Bell Boots – How to Use Them on Your Horses

Bell boots are a horse’s first line of protection against their own sharp back feet. They wrap across the front hoofs and cover the vulnerable coronary band and heel bulbs, which are crucial for stopping lacerations to these sensitive areas.

We regularly use bell boots when training our horses or for those prone to overreaching and injuring themselves. But not all horses need bell boots.

What’s the purpose of bell boots for horses?

Bell boots are protective equipment that attaches to the horse’s entrance feet. The bell boot serves purposes for equestrians: it protects their horses’ from injury and prevents their back feet from hitting the horseshoes on their front feet and pulling them off.

Once they run, some horses are inclined to overreach and strike the entrance of their rear hoofs into the back of their entrance feet. The soft regions on the heel bulb and coronary band are most prone to injury from this hitting.

What do bell boots protect?

The frequent area damaged is the heel bulb, coronary band, and decrease pastern. Sometimes an overreach injury can be extreme and cause everlasting damage.

Heel bulbs are the area that almost all typically gets injured by overreaching. The heel bulb is the fleshy part of the rear section of a horse’s foot – right above their hairline and under their pasterns.

A horse’s rear hoof can strike the heel bulb with such a force that it cuts by means of flesh and severely injure your horse, inflicting pain, swelling, and profuse bleeding. In some cases, horses develop long-lasting problems and lameness.

Probably the most severe injuries occur when a horse strikes into the back of its pastern. Higher up overreach accidents on the back of their leg might also end up with them in surgical procedure because of lacerating tendons or going into tendon sheath just above the fetlock area.

How do horses wear bell boots?

There are primary types of bell boots, pull-on and open bell boots with velcro closures. Pull-on boots are typically made of rubber and slide over your horse’s foot. They’re straightforward to clean and nice for horses who need boots during turn-out and often get their toes wet.

Fitting pull-on bell boots

Pull-on bell boots shouldn’t fit snug in your horse’s pastern but somewhat be loose. If they’re tight, they’ll irritate the horse skin and rub it raw. To assist prevent chafing, some bell boots are fleece lined, which is good however fitting your boots accurately is still important.

Ideally, you have to be able to fit a finger between the top of the bell boot and your horse’s decrease leg. However you need to only be able to fit one finger because if the boots are too giant, they will slide off your horse’s foot. When your horse is standing on a flat surface, the back of the boot should nearly touch the ground.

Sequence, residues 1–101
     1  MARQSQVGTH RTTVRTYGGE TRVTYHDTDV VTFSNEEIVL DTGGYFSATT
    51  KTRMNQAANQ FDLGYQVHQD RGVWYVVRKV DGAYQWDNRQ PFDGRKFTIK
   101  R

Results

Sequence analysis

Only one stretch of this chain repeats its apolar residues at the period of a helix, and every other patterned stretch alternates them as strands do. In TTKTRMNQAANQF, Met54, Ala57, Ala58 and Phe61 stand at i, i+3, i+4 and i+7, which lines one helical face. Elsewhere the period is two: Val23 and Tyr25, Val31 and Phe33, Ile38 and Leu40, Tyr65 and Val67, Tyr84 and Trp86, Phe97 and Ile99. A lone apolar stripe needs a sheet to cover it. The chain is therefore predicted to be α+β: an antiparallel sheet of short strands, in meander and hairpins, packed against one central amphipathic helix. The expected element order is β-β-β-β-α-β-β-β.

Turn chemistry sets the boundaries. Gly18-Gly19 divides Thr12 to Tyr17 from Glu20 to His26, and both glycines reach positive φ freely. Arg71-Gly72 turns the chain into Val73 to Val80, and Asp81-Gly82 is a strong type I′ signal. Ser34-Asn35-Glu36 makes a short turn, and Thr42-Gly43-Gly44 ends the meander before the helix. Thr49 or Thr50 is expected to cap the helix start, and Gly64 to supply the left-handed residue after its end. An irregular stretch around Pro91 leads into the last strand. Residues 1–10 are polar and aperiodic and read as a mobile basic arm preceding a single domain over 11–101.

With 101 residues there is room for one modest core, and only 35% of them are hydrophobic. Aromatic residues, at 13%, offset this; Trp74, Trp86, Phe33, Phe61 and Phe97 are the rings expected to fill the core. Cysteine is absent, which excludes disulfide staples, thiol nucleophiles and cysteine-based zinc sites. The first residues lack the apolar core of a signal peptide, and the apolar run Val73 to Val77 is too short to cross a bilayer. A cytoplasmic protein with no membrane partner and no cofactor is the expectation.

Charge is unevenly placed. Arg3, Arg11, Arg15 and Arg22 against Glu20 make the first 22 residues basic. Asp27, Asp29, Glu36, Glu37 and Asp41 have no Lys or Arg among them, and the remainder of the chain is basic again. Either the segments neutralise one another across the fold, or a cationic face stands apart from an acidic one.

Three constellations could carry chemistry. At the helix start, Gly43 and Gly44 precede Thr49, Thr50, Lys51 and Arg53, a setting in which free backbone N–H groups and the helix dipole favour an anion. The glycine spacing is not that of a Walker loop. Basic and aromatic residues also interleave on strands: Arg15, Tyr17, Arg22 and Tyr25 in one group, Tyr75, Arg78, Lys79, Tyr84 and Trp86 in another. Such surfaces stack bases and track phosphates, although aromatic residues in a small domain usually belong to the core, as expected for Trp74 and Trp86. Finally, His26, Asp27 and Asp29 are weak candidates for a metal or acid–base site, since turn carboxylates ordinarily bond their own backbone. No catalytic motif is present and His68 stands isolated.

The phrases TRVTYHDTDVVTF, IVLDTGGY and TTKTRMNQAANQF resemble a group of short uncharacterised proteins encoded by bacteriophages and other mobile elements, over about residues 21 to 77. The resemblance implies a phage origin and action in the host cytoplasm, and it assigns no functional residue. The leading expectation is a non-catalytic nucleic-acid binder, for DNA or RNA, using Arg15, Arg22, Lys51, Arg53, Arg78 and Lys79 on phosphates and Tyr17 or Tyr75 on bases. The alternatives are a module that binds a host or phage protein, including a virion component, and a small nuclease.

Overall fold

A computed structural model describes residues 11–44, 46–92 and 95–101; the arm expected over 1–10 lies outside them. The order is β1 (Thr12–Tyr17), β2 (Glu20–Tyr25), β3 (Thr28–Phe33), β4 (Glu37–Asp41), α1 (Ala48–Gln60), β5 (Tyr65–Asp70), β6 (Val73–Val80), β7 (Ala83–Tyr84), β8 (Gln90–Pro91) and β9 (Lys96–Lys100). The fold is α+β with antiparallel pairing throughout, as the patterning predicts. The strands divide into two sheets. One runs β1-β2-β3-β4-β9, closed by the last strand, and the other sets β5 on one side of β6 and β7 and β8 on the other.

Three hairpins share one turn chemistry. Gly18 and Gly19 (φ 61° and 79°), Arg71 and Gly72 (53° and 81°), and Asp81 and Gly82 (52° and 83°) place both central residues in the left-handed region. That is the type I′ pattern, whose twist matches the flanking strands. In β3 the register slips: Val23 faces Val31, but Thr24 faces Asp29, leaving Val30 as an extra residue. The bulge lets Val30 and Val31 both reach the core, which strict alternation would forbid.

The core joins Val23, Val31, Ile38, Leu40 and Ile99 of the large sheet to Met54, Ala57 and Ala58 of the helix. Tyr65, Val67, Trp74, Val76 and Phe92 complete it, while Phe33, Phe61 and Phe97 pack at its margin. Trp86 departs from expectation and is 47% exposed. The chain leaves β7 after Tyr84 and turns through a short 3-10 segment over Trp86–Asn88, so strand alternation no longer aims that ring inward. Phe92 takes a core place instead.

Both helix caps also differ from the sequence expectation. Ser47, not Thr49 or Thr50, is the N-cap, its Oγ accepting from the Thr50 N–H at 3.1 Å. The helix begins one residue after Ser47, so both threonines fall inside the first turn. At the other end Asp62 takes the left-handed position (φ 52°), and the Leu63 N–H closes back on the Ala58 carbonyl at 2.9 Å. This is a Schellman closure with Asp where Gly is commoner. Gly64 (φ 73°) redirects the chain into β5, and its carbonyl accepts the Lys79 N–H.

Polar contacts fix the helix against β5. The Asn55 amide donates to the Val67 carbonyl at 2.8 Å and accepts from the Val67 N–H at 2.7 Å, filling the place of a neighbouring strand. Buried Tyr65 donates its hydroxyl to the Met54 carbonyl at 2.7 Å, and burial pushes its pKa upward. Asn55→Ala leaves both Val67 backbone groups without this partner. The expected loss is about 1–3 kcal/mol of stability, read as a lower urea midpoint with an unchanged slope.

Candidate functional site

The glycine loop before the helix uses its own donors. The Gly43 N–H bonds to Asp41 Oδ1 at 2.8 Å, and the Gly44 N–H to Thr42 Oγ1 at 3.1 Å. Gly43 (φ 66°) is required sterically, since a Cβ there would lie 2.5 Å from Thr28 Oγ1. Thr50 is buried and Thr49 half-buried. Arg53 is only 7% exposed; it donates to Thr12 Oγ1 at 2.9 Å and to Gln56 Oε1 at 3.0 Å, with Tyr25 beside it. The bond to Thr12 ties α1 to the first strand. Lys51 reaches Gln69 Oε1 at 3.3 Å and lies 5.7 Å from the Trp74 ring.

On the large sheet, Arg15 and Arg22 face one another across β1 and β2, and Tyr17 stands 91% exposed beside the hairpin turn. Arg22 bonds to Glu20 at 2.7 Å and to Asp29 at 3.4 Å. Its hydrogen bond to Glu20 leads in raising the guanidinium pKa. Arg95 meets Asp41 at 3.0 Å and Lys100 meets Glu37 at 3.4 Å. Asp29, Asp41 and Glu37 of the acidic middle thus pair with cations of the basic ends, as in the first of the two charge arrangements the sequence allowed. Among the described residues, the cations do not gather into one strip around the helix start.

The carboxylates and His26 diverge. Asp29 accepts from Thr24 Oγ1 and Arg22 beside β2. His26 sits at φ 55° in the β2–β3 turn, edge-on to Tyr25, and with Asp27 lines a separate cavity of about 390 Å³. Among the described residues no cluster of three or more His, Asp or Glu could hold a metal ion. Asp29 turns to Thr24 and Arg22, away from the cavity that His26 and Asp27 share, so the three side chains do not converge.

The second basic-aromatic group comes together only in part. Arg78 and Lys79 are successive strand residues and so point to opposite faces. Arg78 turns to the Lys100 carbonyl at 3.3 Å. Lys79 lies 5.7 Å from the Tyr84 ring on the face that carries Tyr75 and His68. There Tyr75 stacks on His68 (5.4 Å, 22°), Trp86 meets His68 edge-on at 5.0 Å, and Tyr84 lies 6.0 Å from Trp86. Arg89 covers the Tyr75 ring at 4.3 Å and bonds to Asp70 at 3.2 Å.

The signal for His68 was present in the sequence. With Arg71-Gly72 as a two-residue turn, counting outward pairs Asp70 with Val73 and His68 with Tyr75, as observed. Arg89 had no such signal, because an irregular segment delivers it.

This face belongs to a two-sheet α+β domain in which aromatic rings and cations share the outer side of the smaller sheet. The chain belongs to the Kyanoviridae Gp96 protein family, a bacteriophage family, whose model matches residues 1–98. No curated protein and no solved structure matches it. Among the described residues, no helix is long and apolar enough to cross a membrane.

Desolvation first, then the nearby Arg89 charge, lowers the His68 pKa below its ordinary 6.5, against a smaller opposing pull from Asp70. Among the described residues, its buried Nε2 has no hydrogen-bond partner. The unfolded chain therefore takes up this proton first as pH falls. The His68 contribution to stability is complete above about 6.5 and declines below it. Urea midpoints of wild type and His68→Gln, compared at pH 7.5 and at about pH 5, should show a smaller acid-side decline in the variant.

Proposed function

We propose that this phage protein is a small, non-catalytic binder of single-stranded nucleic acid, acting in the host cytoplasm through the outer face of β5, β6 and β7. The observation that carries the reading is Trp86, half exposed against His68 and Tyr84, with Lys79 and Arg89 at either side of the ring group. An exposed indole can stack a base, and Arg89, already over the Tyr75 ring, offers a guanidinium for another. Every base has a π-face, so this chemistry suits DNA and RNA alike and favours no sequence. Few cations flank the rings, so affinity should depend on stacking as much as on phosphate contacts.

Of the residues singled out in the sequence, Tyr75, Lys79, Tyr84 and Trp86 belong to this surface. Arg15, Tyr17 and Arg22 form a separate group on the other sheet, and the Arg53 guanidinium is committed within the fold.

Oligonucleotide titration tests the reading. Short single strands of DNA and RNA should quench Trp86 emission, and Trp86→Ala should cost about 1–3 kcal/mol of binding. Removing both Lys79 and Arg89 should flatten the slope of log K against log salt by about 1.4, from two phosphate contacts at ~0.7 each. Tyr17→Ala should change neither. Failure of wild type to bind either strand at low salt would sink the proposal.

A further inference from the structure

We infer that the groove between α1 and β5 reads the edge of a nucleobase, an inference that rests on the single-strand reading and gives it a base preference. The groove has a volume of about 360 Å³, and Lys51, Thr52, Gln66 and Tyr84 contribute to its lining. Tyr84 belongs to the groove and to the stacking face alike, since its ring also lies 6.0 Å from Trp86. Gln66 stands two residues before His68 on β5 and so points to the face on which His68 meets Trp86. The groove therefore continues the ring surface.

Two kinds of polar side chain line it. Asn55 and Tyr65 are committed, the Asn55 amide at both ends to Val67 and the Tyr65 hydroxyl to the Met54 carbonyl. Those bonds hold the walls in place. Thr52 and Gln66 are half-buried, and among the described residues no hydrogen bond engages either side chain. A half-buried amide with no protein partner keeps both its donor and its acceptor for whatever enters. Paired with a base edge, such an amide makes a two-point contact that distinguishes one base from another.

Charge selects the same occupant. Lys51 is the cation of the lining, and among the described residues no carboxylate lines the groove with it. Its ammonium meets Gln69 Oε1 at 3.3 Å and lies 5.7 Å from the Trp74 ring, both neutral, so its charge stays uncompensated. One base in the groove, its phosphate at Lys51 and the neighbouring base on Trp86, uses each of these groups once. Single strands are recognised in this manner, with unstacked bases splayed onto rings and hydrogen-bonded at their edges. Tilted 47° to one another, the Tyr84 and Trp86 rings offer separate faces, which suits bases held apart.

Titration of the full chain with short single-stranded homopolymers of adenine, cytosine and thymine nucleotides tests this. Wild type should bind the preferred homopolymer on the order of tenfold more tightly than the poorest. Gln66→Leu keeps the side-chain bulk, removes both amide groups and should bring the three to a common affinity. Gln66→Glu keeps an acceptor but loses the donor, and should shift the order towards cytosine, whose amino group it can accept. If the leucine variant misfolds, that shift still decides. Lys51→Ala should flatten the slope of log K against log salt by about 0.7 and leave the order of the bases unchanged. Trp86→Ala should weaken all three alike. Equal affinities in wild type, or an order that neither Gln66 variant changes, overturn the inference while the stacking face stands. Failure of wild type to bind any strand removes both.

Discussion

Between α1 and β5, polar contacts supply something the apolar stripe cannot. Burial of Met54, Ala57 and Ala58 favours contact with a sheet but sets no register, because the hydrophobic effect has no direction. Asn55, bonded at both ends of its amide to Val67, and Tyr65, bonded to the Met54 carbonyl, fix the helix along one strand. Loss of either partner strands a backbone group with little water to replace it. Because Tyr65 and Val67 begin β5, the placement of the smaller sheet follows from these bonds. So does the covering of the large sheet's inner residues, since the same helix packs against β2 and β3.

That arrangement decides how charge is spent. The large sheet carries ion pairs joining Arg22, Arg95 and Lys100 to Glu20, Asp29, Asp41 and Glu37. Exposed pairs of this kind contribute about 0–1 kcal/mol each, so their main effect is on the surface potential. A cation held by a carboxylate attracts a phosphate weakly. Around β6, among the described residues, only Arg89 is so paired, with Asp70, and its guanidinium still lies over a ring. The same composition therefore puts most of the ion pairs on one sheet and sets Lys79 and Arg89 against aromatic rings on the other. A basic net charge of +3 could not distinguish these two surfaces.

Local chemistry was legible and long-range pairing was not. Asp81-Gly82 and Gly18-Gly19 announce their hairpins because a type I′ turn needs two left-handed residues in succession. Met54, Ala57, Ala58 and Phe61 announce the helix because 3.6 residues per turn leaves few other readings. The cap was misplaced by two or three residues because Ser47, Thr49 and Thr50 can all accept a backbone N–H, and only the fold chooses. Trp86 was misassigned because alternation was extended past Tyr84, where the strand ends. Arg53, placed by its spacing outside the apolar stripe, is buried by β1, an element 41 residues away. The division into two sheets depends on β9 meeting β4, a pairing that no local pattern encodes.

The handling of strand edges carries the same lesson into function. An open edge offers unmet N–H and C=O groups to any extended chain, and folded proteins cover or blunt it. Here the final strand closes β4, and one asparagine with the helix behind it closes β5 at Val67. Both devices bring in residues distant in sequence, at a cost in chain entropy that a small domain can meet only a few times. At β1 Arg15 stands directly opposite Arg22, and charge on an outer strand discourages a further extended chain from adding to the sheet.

Most bell boots are available in four sizes: small, medium, giant, and extra-large. Typically Arabians and Quarter horses use medium, Thoroughbreds giant, and further-giant fit Warmbloods. There is a number of variation in manufacturer sizing, so it’s greatest to be safe and read reviews before buying.

Putting pull-on bell boots on your horse.

Placing pull-on bell boots on your horse isn’t always easy and takes some practice. First, turn the bell boot inside out. Then lift your horse’s foot and put the bell boot on, starting at the bottom of it.

As you put it on, pull hard to stretch it, work your way up to where it is smaller, after which tug on it till you can fit your horse’s hoof through. Once it’s on, flip it down, and the boot is ready.

Flexible bell boots that stretch simply work best to get the perfect fit and are simpler to recover from the horse’s hoof.

Placing on open bell boots

Placing on open bell boots on your horse is easy. You just wrap them across the horse’s hoof after which safe them with velcro straps. Some have a hook-and-loop closure so you may adjust to fit totally different measurement feet.

Bell boots designed with velcro straps are typically more costly, however they save you time getting them on and off, and most are made of sturdier materials than their pull-on counterparts.

How do you know in case your horse wants bell boots?

A straightforward way to know if your horse would benefit from wearing bell boots is if they arrive back from working with scrapes or swelling on its heels. Another thing to look for is if they are continuously dropping shoes or regularly have loose shoes.

Bell boots help protect the shoes on your horse’s front toes from being pulled off when they’re hit by their back foot. This is widespread amongst some horses which have been turned out to play or ones running fast, but it can happen throughout other activities too!

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